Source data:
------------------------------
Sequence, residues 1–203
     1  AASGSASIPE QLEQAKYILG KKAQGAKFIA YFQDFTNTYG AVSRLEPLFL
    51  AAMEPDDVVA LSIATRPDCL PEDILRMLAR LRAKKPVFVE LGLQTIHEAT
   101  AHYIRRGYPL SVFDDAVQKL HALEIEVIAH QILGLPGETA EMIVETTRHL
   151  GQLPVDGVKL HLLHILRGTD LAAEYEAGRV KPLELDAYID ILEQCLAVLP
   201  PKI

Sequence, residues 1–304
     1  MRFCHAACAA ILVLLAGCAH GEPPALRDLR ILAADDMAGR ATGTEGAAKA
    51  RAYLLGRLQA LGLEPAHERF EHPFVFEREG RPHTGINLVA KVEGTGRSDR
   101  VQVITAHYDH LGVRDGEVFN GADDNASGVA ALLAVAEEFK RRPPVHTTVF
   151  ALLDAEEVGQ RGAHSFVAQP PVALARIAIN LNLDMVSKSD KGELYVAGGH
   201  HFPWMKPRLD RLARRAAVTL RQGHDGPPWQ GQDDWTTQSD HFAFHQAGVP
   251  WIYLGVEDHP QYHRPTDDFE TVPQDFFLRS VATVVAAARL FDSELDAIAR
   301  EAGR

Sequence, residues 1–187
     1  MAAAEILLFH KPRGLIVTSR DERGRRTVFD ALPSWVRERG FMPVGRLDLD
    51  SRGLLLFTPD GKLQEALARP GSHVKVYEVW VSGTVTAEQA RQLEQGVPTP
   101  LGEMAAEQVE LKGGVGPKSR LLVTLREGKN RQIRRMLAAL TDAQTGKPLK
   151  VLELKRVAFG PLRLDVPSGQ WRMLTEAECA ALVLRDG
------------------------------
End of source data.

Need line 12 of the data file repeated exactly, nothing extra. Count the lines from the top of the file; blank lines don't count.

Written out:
   201  HFPWMKPRLD RLARRAAVTL RQGHDGPPWQ GQDDWTTQSD HFAFHQAGVP